From Spotlight: Fresh Ideas for a Brand New Yard

4 Super Easy Ways to Pretty Up Your Spring Landscape

Plant a tree. It’s an easy idea — and you’ll love your landscaping more and more as it grows.

Spring front yard with small tree, and mulched flower bed
Image: Stephanie Lopez

No matter where you live, why not celebrate spring by making some landscaping changes? You don't need to invest a lot of time or money. To give your yard a dose of charm without a ton of effort, try these four spring landscaping ideas

You'll boost your curb appeal for sure.

#1 Plant Just One Tree

Planting one tree isn't a huge effort, but it's one of the best projects you can take on for your spring landscape. Plus, once the tree is established, it's about as low maintenance as a landscape can get, and the difference it can make to your yard lasts for decades. The key is to choose a tree that adds interest to your landscape in the form of color, shape, and texture.

There are a ton of trees to choose from, but if you want to play it safe, try a Japanese maple. Many are suitable for most any climate. They all offer color, form, and texture that can liven any landscape. 

A red house with a mulched bed and Japanese maple

One, the Mikawa yatsubusa, is a dwarf version that changes colors in the fall, resembling a tie-dye shirt. You won't be lacking color then!

Related: 11 Trees You Should Never Plant in Your Yard

#2 Add a Color Punch With Mulch

A raised mulched bed in grass

Mulch is one of the easiest ways to add both color and texture to the entire yard. "Next to a green lawn, coffee bean-colored mulch is a great contrast," says Paul Fraynd, owner of Sun Valley Landscaping in Omaha, Neb.

If a dark roast isn't your preference, there's a a multitude of mulch colors that can spice up your bland landscape. Red, black, gold, cedar-toned — you choose.

For something different, try pine cones. They introduce a knotty texture that breaks up the monotony of flat lawns and box-like shrubs.

A front yard with pink and yellow flowers in a mulched bed

The point is that mulch is easy: Choose a cool color and texture, then dump it, spread it, and forget it.

"Keep it away from wood or siding, though," warns Fraynd. "It can rot the wood and may attract insects."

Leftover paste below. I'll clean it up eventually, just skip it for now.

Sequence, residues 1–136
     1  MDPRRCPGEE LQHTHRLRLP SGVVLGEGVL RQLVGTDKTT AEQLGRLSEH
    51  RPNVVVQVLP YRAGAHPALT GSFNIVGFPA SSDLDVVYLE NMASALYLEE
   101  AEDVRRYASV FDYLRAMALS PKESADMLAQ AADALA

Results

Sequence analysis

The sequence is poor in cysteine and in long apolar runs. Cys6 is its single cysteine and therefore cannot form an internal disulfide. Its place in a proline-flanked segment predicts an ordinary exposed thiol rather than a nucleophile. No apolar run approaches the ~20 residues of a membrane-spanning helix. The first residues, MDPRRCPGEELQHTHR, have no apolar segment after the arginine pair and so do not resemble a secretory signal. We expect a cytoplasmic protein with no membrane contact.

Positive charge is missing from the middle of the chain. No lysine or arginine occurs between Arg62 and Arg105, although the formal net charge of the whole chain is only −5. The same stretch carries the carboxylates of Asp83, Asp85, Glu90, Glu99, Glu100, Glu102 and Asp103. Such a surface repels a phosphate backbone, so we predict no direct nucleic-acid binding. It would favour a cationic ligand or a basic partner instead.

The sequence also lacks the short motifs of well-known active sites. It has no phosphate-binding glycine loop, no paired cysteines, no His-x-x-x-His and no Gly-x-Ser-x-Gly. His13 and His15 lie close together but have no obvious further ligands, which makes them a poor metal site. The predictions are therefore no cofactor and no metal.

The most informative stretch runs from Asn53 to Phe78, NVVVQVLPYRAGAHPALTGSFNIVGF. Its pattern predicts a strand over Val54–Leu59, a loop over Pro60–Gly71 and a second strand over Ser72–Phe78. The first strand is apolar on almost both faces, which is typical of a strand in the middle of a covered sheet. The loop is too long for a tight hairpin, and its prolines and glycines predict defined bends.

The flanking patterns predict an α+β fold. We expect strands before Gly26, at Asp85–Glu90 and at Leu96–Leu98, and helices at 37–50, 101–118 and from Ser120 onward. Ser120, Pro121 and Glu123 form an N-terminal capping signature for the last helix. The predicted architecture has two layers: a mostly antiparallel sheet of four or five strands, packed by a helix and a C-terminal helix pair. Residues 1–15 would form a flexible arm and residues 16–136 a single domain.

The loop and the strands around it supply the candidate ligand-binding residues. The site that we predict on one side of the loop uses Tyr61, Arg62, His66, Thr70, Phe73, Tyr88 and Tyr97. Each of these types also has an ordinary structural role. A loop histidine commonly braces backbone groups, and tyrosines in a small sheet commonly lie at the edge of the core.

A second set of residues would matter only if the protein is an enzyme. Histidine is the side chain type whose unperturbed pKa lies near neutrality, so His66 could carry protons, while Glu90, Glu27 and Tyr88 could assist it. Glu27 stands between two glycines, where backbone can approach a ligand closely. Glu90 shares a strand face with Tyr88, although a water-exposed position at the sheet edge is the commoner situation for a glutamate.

#3 Add Some Edging

Edging of stone that separates the yard here from the shrubbery.
Image: Maggie Stuart for HouseLogic

Look along your walkways and garden beds. If your lawn just seems to morph into your shrubbery or threatens to take over your front walk, some interesting edging could perk up your yard. No pruning, cutting, or watering required.

Define a walkway with some personal or found items, says a public affairs executive for the National Association of Landscape Professionals.

Colored hockey sticks can line a path or wine bottles planted neck down in the soil, says the NALP. Just make sure you do the entire path. Two or three wine bottles lining a path might look like leftovers from last night's party.

If you want to keep it all in the plant world, low-maintenance ground covers are an excellent choice for edging, according to the NALP. Try lily of the valley, vinca, lamb's ears, or pachysandra. Some add color, and others add texture.

#4 Create a Focal Point That's All About You

Your own passions and pleasures are great inspiration to add color and texture to your spring landscape. Try creating a focal point with something that brings back a happy memory, like your old toy truck, tricycle, or wagon, says the NALP. Turn it into a colorful planter.

A red wagon filled with herbs

Or opt for hard nongardening materials to contrast with the softness and monotony of nature's green. "Make a table using an oversized flower pot or lobster trap filled with something that represents your passion — golf balls, sea shells — and cover the container with a wood or glass top," says Fraynd. "These can be fun to talk about and give a unique personality to your yard."

Your yard is a reflection of you. You're not one-dimensional. Your yard shouldn't be either.

Related: 4 Awesomely Easy Landscaping Projects

Author photo of writer Stacey Freed
Stacey Freed

Stacey Freed writes about homes, design, remodeling, and construction for online and print national trade and consumer publications, including "Better Homes & Gardens." Previously, she was a senior editor at "Remodeling" magazine. Follow Stacey on Twitter.